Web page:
Graham Nash looks back on a life of 'Wild Tales'
Singer Graham Nash prepares during the recording session for the audio book version of his "Wild Tales: A Rock & Roll Life" autobiography, in New York, Thursday, July 25, 2013. (AP Photo/Richard Drew)
NEW YORK (AP) — Graham Nash is in the recording studio, having a hard time saying the words.
"It was such a tumultuous smoke-ridden cocaine-driven moment that it's hard to remember everything as it went down," he reads, stumbling over the word "tumultuous" and later saying "1977" instead of "1967," an epic slip for Nash's generation.
The "moment" was Woodstock and the studio was in midtown Manhattan, where Nash recently taped the audio book of his memoir "Wild Tales." Digital technology enabled him to quickly correct his errors, but the memories will not be erased as he relives a time he still helps embody.
Few were so profoundly changed by rock 'n roll and the 1960s as Nash, a child of working class, World War II-era Britain who first became a star as a grinning harmony singer for the Hollies and, just as he feared he was locked into a life of screaming teenagers and 2-minute love songs, let his hair down as part of Crosby, Stills and Nash.
His hair a full and flawless white, he looks improbably fit and trim at 71, especially for someone who by his own account smoked and snorted through much of his 20s and 30s. But he is mindful that his luck won't last forever and decided it was time to tell his story, if only for his baby granddaughter, Stella Joy.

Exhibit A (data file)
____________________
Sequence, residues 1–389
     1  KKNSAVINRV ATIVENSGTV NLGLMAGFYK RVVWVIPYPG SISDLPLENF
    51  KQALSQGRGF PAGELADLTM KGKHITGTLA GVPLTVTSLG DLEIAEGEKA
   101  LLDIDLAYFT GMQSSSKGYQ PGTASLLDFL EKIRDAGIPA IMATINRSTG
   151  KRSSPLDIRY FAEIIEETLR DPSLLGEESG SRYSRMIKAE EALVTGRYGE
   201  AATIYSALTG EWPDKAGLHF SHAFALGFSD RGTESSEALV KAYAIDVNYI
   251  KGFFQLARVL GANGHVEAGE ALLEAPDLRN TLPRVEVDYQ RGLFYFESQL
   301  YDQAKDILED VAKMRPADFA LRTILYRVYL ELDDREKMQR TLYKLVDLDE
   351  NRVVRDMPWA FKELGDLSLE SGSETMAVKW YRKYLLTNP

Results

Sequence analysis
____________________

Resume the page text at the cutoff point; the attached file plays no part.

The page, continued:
"I wanted to make a record of what my life was about and who I was as a person," he says.
Singer Graham Nash is interviewed during a break in the recording session for the audio book version of his "Wild Tales: A Rock & Roll Life" autobiography, in New York, Thursday, July 25, 2013. (AP Photo/Richard Drew)
The man he became, the life he came to lead, began during a Hollies tour of the US in the mid-1960s. He was befriended by Mama Cass of the Mamas and Papas, a born mixer who sensed that the gentlemanly Nash would click with the Byrds' trouble-making David Crosby. He was soon living the American dream, late '60s style, recording a million-selling debut album with Crosby and Stephen Stills and sharing a house in Laurel Canyon with Joni Mitchell.
In his memoir, he gives his take on how Crosby, Stills and Nash first joined in song. It was 1968 and they were at Mitchell's house — "Stephen thinks we first hung together at Cass' house, and he's completely wrong," Nash says during his interview — and Crosby and Stills were working on the ballad "You Don't Have to Cry." Nash listened, asked them to run through it again, and added his high tenor to Still's husky low and Crosby's mellow middle.